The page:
As any female undergraduate can tell you, this is a highly competitive field, but only Warwick has excelled to the point of getting its concern for the perpetrators broadcast across social media, as #shameonyouWarwick. Student protests, then national headlines, provoked by the feeble official response to the discovery of rape “chat” by some male students, led to the university commissioning an independent review, by Dr Sharon Persaud, and now to an apology to the victims from Warwick’s vice-chancellor, Prof Stuart Croft. “We are genuinely sorry,” he said. Pity about the “genuinely” but, moving on, “I should have been quicker. I should have reached out.”Continue reading...
Tale of two schools: ‘We’re paying for a mother to bring her child to school out of PTA funds – and from my pocket’
Headteachers reveal how lack of funding is forcing them to raise cash from donations to pay for staff and even books
Headteacher Paul Stubbings knows that the pupils at his west London comprehensive school have the right to a free, fully funded state education. Yet he spends a quarter of his time asking their parents to give his school hundreds of thousands of pounds a year, meeting frequently with individual, potential donors.
He blames the government for putting him in this extraordinary supplicatory position: “I fully and freely acknowledge that what we are now doing [is] being driven to make up deficiencies in state funding. But children have a right to a top-quality state education. If the state isn’t willing to pay for that, I’ve got to do everything I can to secure it on their behalf.”Continue reading...
A new survey reveals prejudice is on the rise for the first time in decades
The number of people believing there is nothing wrong with gay sex has fallen for the first time since the Aids crisis. The British Social Attitudes survey puts it at dipping from 68% in 2017 to 66% in 2018, leaving a third of the population in some way opposed. NatCen, who conducted the survey, said that, while further polling was advisable, “liberalisation of attitudes does seem to be slowing down”.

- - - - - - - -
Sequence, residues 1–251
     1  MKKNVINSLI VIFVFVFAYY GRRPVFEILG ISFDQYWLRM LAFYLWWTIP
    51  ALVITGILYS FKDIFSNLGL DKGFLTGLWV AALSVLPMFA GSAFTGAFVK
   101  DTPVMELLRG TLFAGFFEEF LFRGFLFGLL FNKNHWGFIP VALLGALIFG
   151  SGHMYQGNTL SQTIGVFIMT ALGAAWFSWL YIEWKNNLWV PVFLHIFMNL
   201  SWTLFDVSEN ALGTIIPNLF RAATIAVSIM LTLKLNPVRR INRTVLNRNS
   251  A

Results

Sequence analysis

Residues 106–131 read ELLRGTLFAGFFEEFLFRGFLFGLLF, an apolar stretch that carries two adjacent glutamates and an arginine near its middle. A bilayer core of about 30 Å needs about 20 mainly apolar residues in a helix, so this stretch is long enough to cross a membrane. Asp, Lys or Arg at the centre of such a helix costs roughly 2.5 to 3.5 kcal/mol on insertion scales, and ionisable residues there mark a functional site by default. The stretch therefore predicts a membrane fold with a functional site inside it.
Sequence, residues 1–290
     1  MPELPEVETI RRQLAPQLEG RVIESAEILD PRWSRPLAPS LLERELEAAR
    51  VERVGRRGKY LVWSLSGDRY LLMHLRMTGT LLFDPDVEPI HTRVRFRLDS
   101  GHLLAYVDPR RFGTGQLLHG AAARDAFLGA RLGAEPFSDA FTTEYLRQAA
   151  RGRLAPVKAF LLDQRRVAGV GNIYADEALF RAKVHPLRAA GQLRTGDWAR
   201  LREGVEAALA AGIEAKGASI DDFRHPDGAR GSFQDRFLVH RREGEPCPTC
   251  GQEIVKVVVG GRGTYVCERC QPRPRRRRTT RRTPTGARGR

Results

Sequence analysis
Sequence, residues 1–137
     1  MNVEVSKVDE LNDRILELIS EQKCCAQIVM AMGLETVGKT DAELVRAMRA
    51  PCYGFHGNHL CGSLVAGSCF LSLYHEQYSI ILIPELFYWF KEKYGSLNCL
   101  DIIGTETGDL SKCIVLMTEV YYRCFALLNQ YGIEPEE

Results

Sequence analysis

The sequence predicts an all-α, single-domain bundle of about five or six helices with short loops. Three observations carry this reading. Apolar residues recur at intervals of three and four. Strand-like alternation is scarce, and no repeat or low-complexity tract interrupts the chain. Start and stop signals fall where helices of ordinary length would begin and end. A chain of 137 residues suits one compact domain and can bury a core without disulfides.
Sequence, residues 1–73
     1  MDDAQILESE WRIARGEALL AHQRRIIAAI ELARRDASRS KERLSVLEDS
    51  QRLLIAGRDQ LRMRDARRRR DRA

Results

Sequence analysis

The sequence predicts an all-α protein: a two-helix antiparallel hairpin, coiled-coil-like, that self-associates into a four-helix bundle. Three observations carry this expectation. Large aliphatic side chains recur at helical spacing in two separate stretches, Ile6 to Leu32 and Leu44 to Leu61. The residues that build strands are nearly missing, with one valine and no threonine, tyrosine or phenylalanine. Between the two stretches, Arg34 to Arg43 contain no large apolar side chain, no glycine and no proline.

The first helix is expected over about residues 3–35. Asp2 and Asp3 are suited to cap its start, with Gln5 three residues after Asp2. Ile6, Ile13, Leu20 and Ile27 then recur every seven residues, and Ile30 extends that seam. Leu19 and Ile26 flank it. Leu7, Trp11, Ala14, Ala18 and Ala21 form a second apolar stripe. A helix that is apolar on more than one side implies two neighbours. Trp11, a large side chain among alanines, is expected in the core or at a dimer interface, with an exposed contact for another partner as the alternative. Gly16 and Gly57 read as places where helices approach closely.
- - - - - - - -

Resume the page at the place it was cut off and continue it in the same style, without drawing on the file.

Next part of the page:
The findings coincide with the first decrease in more than a decade of people comfortable with pre-marital sex. On the plus side, last week also saw the Commons victory for gay legislation in Northern Ireland. Still, what a hammering same-sex couples have had recently – everything from attacks on buses to Ann Widdecombe (the Aunt Lydia of Brexit, anyone?) pondering how science could “produce an answer” to gayness. In this context, is the NatCen survey indicative of new attitudes, or yet more evidence that people are feeling bolder about expressing previously veiled prejudices?Continue reading...
Exclusive: £64m has been spent on university technical colleges that have closed
Part of the government’s flagship free schools programme is facing mounting financial difficulties because of its unpopularity with parents and pupils, with schools forced to pay back millions of pounds to the Department for Education and cut staff after failing to attract and retain students.
University technical colleges (UTCs), a type of free school in England that was launched in 2010, ran up debts of £14m last year after many fell short of their forecasts for pupil numbers. Others had to borrow money from the DfE’s funding arm, throwing into question their long-term viability.Continue reading...
Stehen die Zensuren fest, flaut der Unterricht ab: Filme gucken, Ausflüge, Spiele. Eltern ärgert das. Mancherorts greifen nun die Behörden durch, damit die laue Zeit nicht ausufert.
Grill tutors on course specifics or just get a feel for the town vibe on these fact-finding days
Open days are not just a good opportunity for students; they also give family members an insight into university life. But parents shouldn’t try to “relive their youth”, says James Busson, co-director of student recruitment at the University of Sheffield. Instead, they are there to play a supporting role, to help students learn about a university.
So how can you all get the most out of the day?Continue reading...
Die Prüfungen sind geschrieben, die Abiturienten feierlich verabschiedet. Doch die Ergebnisse unterscheiden sich in den einzelnen Bundesländern teils deutlich. Ein erster Überblick.